You can also instruct a Lay Representative, which can be a friend or member of your family.  In Small Claims, any member of the public can represent you, provided you are also present.  We can represent you at a fraction of the cost of a solicitor or barrister.

A Solicitor or Barrister can be employed to represent you at the Trial or Final Hearing. They are able to provide full assistance and representation and also argue your case on your behalf. They will provide you with advice on how your case should progress and what arguments you should make. They will also normally advise as to whether your case will succeed or not. If you employ a Solicitor or Barrister to represent you, you will just merely be at the Trial or Final Hearing to give your evidence and answer any questions your opponent or the Judge may want to ask. The Solicitor or Barrister will be the person speaking on your behalf in respect of making arguments and asking questions of your opponent. The costs of employing a Solicitor or Barrister on average can be around £250 to £600. The costs will depend on amount of experience they have, they amount of time they have had to prepare, the length of the Trial or Final Hearing and, also the type of case it is.


10. The Trial/Final Hearing

The Trial or Final Hearing will normally be the end of your matter. The type of case, the arguments involved, the number of experts required, the number of witnesses required and the value of the case will determine the length of the time that the Court has allocated to the hearing.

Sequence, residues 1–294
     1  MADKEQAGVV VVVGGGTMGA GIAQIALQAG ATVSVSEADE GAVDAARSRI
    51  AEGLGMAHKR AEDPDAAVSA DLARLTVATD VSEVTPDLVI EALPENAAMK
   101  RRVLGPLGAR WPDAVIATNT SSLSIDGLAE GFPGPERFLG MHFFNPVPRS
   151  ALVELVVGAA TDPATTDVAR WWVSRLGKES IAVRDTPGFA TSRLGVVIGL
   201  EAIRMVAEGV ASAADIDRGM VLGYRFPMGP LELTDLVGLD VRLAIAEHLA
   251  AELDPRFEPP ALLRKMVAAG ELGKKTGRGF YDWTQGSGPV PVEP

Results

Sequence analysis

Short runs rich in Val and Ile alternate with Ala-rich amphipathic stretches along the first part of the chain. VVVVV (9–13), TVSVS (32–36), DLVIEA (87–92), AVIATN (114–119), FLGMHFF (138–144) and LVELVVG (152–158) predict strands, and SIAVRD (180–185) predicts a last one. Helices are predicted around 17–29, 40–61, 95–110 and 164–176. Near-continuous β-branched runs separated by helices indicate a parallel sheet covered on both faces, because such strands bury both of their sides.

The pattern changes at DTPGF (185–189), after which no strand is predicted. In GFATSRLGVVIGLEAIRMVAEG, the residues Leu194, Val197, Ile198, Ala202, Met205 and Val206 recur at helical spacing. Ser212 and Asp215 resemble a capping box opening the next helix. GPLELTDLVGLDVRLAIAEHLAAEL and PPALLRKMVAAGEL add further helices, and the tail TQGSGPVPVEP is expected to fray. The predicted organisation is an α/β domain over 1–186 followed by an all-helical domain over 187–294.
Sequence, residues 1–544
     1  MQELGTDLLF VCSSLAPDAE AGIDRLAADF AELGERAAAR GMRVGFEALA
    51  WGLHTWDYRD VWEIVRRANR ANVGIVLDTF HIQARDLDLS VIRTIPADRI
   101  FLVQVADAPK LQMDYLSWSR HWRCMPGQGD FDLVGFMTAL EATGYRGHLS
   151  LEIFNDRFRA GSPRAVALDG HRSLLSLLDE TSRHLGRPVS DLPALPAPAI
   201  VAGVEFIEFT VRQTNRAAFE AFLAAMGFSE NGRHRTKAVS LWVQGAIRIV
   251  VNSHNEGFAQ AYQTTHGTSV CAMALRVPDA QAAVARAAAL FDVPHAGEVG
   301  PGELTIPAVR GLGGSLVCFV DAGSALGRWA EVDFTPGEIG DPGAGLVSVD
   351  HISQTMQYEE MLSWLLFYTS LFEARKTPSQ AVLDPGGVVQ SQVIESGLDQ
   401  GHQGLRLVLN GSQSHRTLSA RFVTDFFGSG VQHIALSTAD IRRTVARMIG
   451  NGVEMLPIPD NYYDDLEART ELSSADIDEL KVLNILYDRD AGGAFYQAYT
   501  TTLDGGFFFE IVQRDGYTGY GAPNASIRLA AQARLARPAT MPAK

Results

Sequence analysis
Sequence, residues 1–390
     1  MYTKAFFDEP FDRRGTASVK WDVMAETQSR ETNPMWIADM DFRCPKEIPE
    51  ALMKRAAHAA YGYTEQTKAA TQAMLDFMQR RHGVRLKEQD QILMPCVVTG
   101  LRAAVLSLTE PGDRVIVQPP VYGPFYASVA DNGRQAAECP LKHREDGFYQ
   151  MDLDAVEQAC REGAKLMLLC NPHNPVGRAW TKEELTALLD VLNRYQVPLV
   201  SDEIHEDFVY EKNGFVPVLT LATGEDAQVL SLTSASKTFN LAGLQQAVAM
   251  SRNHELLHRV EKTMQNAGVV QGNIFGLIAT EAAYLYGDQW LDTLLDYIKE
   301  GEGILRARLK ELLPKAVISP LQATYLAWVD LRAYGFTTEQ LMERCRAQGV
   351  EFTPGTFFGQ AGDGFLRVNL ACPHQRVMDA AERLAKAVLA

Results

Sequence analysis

You should arrive at Court in plenty of time before the start time and report your arrival to the Court staff. This will give you time to make any final preparations, meet your opponents and your representation and discuss your case if necessary.

When the Judge is ready you and your opponents and their legal representatives (if any) will be called in to the Court room.

Depending on whether each party has employed any legal representation, the Judge will normally make comments on the papers he has received or invite the legal representatives to do so. The comments made will normally just a brief summary of the case to ensure that the Judge has the correct papers in front of him.

The Judge will then invite the Claimant to commence the putting forward of the case. This will include the reading of your witness evidence whilst making reference to any documents you have sought to rely upon.

Once you have finished putting forward your case, the Defendant will be invited to put forward their case.

Once both parties have finished, the Judge will then invite each party to ask questions about the other party’s case and/or make challenges to the other’s case. This will be the start of cross-examination.

During the above process, the Judge will continue making notes on any things he thinks are of relevance to the case and to assist him in providing his decision at the end. He may also ask questions himself for clarification purposes.